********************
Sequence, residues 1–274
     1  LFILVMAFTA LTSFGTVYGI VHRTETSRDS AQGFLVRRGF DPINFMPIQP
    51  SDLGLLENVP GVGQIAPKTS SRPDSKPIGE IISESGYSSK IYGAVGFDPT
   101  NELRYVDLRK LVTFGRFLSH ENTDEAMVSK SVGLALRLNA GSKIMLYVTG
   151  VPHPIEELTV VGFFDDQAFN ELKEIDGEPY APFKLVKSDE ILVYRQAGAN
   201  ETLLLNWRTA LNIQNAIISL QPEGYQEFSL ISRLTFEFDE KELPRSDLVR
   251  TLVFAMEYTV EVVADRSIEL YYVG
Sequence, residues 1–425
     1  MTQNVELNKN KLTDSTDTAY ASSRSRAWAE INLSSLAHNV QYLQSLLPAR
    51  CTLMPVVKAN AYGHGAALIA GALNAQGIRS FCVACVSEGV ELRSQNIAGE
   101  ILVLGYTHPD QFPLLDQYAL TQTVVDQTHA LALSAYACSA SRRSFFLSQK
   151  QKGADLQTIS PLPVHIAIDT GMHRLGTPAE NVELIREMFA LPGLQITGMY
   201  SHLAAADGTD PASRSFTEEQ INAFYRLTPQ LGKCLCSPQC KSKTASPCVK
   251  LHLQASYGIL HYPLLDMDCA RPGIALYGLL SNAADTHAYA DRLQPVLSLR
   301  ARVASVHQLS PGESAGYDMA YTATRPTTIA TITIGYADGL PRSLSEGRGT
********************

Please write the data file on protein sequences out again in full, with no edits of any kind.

Sequence, residues 1–274
     1  LFILVMAFTA LTSFGTVYGI VHRTETSRDS AQGFLVRRGF DPINFMPIQP
    51  SDLGLLENVP GVGQIAPKTS SRPDSKPIGE IISESGYSSK IYGAVGFDPT
   101  NELRYVDLRK LVTFGRFLSH ENTDEAMVSK SVGLALRLNA GSKIMLYVTG
   151  VPHPIEELTV VGFFDDQAFN ELKEIDGEPY APFKLVKSDE ILVYRQAGAN
   201  ETLLLNWRTA LNIQNAIISL QPEGYQEFSL ISRLTFEFDE KELPRSDLVR
   251  TLVFAMEYTV EVVADRSIEL YYVG
Sequence, residues 1–425
     1  MTQNVELNKN KLTDSTDTAY ASSRSRAWAE INLSSLAHNV QYLQSLLPAR
    51  CTLMPVVKAN AYGHGAALIA GALNAQGIRS FCVACVSEGV ELRSQNIAGE
   101  ILVLGYTHPD QFPLLDQYAL TQTVVDQTHA LALSAYACSA SRRSFFLSQK
   151  QKGADLQTIS PLPVHIAIDT GMHRLGTPAE NVELIREMFA LPGLQITGMY
   201  SHLAAADGTD PASRSFTEEQ INAFYRLTPQ LGKCLCSPQC KSKTASPCVK
   251  LHLQASYGIL HYPLLDMDCA RPGIALYGLL SNAADTHAYA DRLQPVLSLR
   301  ARVASVHQLS PGESAGYDMA YTATRPTTIA TITIGYADGL PRSLSEGRGT